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A complete and mature WebAssembly runtime for Ruby based on Wasmer.


  • Easy to use: The wasmer API mimics the standard WebAssembly API,
  • Fast: wasmer executes the WebAssembly modules as fast as possible, close to native speed,
  • Safe: All calls to WebAssembly will be fast, but more importantly, completely safe and sandboxed.

Documentation: browse the detailed API documentation full of examples.

Examples as tutorials: browser the examples/ directory, it's the best place for a complete introduction!

Quick Introduction

The wasmer package brings the required API to execute WebAssembly modules. In a nutshell, wasmer compiles the WebAssembly module into compiled code, and then executes it. wasmer is designed to work in various environments and platforms. To achieve this, Wasmer (the original runtime) provides multiple engines and multiple compilers.

Succinctly, an engine is responsible to drive the compilation (by using a compiler) and the execution of a WebAssembly module. Wasmer comes with many engines and compilers, but for the Ruby extension, it only provides the JIT engine with the Cranelift compiler. It is subject to change in the future where the user will have the choice to select its own engine and compiler.


To install the wasmer Ruby gem, just run this command in your shell:

$ gem install wasmer

And you're ready to get fun!

View the wasmer gem on RubyGems.

Note: Rust is required to install the Ruby library (Cargo —the build tool for Rust— is used to compile the extension). See how to install Rust.


We highly recommend to read the examples/ directory, which contains a sequence of examples/tutorials. It's the best place to learn by reading examples.

But for the most eager of you, and we know you're numerous you mischievous, there is a quick toy program in examples/appendices/, written in Rust:

pub extern fn sum(x: i32, y: i32) -> i32 {
    x + y

After compilation to WebAssembly, the examples/appendices/simple.wasm binary file is generated.

Then, we can execute it in Ruby:

require "wasmer"

# Let's define the store, that holds the engine, that holds the compiler.
store =

# Let's compile the module to be able to execute it!
module_ = store,"simple.wasm", mode: "rb")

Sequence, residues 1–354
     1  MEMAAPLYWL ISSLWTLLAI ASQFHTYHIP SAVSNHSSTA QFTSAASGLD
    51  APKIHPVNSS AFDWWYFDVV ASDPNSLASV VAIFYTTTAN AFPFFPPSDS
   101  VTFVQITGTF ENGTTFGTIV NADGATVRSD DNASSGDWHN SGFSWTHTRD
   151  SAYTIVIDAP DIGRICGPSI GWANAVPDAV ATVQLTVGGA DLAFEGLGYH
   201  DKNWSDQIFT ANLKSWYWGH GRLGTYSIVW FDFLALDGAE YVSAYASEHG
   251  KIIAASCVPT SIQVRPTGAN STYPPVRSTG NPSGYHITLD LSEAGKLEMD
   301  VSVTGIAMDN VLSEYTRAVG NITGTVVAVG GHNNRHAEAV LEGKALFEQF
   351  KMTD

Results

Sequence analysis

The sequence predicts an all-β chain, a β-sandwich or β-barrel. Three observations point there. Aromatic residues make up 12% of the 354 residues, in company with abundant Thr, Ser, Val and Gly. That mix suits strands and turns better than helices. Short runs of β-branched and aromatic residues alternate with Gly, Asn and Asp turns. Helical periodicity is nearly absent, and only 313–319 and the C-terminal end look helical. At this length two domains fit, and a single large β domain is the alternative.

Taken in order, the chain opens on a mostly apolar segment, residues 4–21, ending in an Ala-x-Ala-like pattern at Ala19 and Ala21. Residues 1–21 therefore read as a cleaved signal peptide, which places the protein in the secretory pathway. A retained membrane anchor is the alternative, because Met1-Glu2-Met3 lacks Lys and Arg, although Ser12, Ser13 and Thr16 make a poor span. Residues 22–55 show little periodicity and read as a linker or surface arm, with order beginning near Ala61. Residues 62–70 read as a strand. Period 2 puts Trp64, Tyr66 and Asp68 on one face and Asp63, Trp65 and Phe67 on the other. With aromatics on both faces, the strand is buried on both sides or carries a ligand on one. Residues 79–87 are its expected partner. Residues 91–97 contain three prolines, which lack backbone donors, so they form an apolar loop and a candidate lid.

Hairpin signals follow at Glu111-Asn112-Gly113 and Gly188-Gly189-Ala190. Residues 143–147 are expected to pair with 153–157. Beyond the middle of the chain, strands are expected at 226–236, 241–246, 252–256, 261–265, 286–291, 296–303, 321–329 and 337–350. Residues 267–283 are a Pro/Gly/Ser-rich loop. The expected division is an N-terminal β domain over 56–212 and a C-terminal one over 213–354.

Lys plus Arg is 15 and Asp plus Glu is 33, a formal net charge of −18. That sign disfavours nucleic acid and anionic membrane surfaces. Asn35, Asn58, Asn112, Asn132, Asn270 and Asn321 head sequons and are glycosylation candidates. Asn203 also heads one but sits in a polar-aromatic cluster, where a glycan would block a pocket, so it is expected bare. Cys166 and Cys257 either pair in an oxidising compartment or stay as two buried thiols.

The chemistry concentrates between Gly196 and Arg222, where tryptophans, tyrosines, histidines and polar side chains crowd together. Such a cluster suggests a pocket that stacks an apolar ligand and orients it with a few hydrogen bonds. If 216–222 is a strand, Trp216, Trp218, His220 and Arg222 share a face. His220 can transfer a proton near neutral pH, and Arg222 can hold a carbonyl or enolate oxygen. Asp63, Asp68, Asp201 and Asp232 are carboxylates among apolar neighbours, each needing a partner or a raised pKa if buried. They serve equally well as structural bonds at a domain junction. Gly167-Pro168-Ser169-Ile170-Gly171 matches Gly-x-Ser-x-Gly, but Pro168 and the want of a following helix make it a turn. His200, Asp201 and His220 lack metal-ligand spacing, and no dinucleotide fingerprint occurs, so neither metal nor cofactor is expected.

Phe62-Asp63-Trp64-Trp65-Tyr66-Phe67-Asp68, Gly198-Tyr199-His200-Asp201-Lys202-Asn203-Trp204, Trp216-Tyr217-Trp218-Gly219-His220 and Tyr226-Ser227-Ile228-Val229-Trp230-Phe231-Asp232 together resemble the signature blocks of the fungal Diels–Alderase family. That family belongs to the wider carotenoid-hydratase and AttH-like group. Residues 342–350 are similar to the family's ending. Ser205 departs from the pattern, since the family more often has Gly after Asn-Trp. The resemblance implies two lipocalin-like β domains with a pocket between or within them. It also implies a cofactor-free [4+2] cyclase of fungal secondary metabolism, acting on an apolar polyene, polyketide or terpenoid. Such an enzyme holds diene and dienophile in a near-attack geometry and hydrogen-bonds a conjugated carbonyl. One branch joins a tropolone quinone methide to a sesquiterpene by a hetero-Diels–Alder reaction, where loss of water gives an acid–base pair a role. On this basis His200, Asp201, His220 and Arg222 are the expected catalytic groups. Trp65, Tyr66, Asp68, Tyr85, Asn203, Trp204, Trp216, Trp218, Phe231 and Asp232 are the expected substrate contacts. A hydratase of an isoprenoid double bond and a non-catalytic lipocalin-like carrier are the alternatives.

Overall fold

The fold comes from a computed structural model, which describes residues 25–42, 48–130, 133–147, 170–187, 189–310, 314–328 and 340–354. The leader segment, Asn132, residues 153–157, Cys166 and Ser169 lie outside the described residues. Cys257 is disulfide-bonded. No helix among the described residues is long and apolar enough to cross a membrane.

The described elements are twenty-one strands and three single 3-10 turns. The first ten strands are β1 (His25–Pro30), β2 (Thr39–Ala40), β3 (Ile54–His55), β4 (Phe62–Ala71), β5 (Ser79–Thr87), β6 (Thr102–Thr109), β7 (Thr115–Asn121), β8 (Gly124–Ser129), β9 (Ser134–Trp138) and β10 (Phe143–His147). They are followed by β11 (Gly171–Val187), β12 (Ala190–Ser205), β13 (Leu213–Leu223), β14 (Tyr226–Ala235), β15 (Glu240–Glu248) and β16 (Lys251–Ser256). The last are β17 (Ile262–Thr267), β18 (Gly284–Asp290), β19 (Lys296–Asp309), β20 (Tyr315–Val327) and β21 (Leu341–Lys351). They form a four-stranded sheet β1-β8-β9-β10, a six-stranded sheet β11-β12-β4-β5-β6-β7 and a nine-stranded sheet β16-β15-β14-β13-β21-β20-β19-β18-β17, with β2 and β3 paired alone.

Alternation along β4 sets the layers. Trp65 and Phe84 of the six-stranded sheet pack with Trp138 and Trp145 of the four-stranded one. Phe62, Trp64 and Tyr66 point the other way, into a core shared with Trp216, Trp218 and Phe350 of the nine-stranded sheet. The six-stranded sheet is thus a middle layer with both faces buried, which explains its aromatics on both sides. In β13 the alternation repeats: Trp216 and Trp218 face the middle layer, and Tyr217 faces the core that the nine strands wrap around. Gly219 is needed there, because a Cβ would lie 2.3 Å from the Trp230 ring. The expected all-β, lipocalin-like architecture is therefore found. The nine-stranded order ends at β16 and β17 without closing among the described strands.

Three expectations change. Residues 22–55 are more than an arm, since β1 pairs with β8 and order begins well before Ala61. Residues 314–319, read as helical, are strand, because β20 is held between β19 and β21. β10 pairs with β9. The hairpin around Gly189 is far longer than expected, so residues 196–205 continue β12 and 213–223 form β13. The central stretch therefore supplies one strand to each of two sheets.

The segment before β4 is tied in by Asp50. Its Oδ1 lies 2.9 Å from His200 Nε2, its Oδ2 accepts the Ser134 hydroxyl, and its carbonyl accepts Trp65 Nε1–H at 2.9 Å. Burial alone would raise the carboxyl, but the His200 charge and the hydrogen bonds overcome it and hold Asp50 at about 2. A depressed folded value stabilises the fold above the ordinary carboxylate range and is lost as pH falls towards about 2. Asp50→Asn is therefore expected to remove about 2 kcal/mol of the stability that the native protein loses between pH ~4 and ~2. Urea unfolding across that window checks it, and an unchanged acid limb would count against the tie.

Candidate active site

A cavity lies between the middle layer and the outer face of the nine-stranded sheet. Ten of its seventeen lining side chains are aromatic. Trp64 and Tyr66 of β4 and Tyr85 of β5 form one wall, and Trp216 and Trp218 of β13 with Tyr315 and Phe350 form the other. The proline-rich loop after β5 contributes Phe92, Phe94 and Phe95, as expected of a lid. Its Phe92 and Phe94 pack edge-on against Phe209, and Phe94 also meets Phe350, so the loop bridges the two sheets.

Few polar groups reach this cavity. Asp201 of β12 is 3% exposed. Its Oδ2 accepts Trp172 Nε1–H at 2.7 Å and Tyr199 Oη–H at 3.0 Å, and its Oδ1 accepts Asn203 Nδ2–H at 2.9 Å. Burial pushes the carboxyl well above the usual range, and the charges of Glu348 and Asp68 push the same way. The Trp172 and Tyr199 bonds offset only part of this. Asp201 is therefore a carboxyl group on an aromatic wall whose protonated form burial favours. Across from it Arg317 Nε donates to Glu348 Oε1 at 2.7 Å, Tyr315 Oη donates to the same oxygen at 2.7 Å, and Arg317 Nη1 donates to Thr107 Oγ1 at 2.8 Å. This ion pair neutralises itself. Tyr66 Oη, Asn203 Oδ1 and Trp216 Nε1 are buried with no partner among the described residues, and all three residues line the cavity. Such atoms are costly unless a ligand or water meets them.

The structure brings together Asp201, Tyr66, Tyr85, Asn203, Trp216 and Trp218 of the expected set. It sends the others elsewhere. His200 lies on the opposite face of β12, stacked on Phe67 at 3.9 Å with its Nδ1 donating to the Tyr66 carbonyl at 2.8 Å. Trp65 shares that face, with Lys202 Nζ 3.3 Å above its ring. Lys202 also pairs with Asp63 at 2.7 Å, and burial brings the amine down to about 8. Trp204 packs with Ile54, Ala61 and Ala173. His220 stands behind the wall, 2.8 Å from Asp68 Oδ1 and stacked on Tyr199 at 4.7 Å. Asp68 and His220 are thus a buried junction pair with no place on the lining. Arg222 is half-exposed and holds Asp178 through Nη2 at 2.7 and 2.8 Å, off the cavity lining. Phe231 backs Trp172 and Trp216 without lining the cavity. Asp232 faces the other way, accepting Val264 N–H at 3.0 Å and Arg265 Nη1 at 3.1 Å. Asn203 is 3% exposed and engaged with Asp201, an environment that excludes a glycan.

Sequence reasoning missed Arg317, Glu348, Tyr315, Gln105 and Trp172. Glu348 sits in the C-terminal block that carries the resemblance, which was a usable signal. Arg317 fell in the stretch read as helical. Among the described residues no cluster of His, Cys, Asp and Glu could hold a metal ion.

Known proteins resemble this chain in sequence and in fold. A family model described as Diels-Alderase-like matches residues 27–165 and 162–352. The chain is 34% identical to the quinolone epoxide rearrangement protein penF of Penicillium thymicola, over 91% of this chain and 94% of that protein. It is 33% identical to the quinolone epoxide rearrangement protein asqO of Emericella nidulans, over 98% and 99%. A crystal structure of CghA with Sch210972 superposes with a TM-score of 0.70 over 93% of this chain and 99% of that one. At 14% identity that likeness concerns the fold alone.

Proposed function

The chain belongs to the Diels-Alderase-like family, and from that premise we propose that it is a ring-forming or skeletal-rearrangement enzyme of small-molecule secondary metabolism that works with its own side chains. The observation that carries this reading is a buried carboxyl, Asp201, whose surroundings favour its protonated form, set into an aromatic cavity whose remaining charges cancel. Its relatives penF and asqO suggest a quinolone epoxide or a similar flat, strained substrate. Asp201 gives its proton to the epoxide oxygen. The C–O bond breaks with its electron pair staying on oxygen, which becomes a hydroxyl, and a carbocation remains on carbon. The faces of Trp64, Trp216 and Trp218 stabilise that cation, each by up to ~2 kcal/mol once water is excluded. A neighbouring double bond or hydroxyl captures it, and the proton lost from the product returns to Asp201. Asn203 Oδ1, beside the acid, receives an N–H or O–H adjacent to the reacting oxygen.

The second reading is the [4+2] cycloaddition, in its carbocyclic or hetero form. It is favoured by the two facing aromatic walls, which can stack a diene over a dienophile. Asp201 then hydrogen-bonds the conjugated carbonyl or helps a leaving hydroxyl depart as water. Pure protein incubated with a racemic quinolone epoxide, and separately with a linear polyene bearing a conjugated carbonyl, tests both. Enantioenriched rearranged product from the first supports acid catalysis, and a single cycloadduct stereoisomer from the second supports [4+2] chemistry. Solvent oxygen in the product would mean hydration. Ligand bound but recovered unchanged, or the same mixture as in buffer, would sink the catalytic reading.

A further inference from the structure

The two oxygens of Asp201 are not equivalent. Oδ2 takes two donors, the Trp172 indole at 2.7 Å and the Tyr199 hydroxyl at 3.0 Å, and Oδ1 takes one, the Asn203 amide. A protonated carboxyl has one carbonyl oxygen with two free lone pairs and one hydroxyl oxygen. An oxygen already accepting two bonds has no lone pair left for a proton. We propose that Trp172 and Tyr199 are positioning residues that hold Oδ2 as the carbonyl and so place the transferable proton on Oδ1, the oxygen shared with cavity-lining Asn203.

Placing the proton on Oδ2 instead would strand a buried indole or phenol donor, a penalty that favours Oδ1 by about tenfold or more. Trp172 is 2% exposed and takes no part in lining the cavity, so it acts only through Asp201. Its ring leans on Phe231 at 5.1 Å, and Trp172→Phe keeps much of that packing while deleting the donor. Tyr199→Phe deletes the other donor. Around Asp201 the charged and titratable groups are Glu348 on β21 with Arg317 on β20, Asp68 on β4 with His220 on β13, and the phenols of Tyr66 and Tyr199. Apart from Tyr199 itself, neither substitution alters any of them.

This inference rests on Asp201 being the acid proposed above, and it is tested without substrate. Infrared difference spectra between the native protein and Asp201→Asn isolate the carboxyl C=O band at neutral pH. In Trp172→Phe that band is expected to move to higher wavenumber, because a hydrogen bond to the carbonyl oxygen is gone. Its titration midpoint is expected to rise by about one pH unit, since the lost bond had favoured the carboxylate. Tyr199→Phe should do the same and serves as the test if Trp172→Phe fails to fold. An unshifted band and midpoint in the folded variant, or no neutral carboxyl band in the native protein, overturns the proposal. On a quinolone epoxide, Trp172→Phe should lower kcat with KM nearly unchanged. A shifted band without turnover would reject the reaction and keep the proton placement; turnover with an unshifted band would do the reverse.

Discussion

# Now the module is compiled, we can instantiate it.
instance = module_, nil

# Call the exported `sum` function.
result = instance.exports.sum.(5, 37)

puts result # 42!

And then, finally, enjoy by running:

$ ruby examples/appendices/simple.rb


The Ruby extension is written in Rust, with rutie.

First, you need to install Rust and Ruby. We will not make you the affront to explain to you how to install Ruby (if you really need, check rbenv). For Rust though, we advice to use rustup, then:

$ rustup install stable

Then, after installing just, you can simply run:

$ just build

The supported Ruby versions are:

  • Ruby 2.6,
  • Ruby 2.7,
  • Ruby 3.0.

Extensions to rutie

This project provides extensions to rutie, through the rutie-derive and rutie-derive-macros crates (see the crates/ directory). Those crates aim at enhancing rutie by providing a better “Domain Specific Language” (DSL for short) to declare Ruby modules, classes, methods and functions. It's not perfect but it does a good job for the moment. Contributions on that front are welcomed too!


Running the test-all recipe will automatically build and run all the tests. It includes library tests, along with documentation tests and the examples:

$ just test-all


To generate the documentation, run the following command:

$ just doc

All the examples in the documentation are automatically run as tests, called doctests. To run the doctests, run just test.

What is WebAssembly?

Quoting the WebAssembly site:

WebAssembly (abbreviated Wasm) is a binary instruction format for a stack-based virtual machine. Wasm is designed as a portable target for compilation of high-level languages like C/C++/Rust, enabling deployment on the web for client and server applications.

About speed:

WebAssembly aims to execute at native speed by taking advantage of common hardware capabilities available on a wide range of platforms.

About safety:

WebAssembly describes a memory-safe, sandboxed execution environment […].


The entire project is under the MIT License. Please read the LICENSE file.